Keep an eye (and nose) out for this stinker
What barges into your house uninvited, camps out for the winter and quickly raises a stink?
In-laws may be the right answer for some, but not for Jim LaBonte.
A taxonomic entomologist with the Oregon Department of Agriculture, he is looking for brown marmorated stink bugs, exotic pests that could be a threat to Oregon's agricultural crops.
Ever since one was caught in a trap in August in a residential area of Portland, the first ever found west of the Mississippi, LaBonte has been asking Oregonians statewide to keep their eyes peeled ' and noses sniffing ' for the smelly pest.
These visitors stink from day one, he said, noting they survive the winter as adults by entering houses through cracks in the window frames or foundation.
— They crawl in cracks and crevasses, nooks and crannies, he said. And they can gather by the hundreds if not thousands.
In addition to being smelly domestic guests, they can cause significant damage to Oregon crops if they are allowed to gain a foothold in the state, he warned.
Originally from Asia, the bug known by scientists as feeds on a wide range of vegetables and fruits, including apples, peaches and pears, scientists report. The bug eats tiny holes in the fruit.
Oregon already has about four dozen native species of stink bugs, but this one has no natural predator, parasites or diseases that would control the population, he said.
Until the one was found in a trap set up for exotic wood-boring insects in Portland, it had only been found in a half-dozen East Coast states where it was first discovered in 2001, he said.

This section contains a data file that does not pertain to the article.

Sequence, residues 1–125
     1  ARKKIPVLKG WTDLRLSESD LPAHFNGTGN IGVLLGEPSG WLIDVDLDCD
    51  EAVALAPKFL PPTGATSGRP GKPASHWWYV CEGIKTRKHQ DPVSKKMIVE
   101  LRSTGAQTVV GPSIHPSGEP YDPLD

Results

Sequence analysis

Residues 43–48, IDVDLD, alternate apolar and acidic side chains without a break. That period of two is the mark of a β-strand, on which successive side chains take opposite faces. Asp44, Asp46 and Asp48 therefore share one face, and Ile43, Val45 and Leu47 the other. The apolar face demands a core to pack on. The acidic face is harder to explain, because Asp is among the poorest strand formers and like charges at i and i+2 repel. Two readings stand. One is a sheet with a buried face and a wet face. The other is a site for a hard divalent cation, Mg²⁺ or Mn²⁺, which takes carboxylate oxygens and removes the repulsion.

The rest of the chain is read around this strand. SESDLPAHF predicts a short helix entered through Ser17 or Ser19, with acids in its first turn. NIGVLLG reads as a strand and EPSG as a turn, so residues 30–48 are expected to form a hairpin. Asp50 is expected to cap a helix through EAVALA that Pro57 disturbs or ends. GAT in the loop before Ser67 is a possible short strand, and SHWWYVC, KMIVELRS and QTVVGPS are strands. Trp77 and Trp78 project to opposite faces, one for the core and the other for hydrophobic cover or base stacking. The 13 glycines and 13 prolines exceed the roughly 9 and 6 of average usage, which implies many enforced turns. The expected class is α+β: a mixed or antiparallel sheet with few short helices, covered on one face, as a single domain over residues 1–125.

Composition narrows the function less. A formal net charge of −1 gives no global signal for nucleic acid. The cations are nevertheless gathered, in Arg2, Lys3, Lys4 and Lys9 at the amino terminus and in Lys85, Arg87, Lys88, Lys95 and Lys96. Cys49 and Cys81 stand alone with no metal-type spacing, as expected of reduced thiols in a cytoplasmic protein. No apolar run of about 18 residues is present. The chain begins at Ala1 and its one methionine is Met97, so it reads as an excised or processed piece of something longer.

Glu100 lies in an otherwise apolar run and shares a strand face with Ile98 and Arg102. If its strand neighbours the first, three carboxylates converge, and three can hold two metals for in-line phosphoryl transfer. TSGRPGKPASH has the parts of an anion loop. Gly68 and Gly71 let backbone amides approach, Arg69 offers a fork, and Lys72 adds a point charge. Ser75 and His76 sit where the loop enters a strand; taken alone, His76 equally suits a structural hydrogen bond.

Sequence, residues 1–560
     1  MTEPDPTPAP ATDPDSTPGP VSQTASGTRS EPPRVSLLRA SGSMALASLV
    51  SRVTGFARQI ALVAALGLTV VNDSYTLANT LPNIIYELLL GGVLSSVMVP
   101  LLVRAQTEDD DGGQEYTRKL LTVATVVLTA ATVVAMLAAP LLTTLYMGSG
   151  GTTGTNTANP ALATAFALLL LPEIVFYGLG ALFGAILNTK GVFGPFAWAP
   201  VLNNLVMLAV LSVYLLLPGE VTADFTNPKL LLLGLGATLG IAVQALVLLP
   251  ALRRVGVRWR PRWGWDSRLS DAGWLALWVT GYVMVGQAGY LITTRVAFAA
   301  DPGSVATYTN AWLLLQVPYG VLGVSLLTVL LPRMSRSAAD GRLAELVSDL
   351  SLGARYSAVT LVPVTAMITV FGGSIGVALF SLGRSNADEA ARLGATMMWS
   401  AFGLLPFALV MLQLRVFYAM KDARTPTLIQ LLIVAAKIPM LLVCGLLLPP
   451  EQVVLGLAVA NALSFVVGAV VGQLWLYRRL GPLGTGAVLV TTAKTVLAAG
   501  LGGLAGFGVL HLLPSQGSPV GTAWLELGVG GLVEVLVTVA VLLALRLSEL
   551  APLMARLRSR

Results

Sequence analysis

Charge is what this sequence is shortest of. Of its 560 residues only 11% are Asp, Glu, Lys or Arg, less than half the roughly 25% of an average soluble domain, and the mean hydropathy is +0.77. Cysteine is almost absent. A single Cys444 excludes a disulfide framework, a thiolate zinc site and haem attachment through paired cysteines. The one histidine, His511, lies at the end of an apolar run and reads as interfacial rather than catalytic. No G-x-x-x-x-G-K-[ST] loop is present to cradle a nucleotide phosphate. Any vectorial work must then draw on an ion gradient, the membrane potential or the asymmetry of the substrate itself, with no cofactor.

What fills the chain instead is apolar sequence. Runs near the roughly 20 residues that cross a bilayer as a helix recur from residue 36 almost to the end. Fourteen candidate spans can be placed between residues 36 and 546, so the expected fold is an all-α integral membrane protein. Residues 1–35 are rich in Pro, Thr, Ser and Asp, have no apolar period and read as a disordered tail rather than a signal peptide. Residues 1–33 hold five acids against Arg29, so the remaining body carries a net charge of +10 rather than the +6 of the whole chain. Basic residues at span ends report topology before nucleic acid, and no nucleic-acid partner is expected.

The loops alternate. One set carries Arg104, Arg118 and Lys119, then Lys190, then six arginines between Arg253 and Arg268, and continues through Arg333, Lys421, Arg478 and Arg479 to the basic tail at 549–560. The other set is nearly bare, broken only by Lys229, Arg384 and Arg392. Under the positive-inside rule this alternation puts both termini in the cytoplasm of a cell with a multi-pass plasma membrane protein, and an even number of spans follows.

It could have hitch-hiked west aboard a truck or other vehicle, he said.
As a defensive mechanism, the bugs emit a smell which LaBonte describes as the odor of oily dirty socks.
They have a pair of glands underside that, when disturbed by what they think is a predator, release an oil substance that spreads underneath their body.
However, if they gather in large numbers in a home, they wouldn't have to be disturbed to stink, he said.
You'd probably smell them anyway, he said.
The adult insects, which he described as a half-inch long and about as wide, are survivors, he said.
They are amazingly resourceful, he said. They don't eat in winter. They lower their metabolism and reduce their activity to exist on fat reserves they accumulate during summer.
The insects fly as well as crawl, he said.
If we are really lucky and find them confined to a couple residences, we might be able to stop them, he said.
But if people throughout Oregon start finding them, then we know the cat's out of the bag, he added. And it's probably been out of the bag for quite a while.
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To report what appears to be one of the bugs, call the Oregon invasive species hotline at 1-866-INVADER.
Reach reporter Paul Fattig at 776-4496 or e-mail him at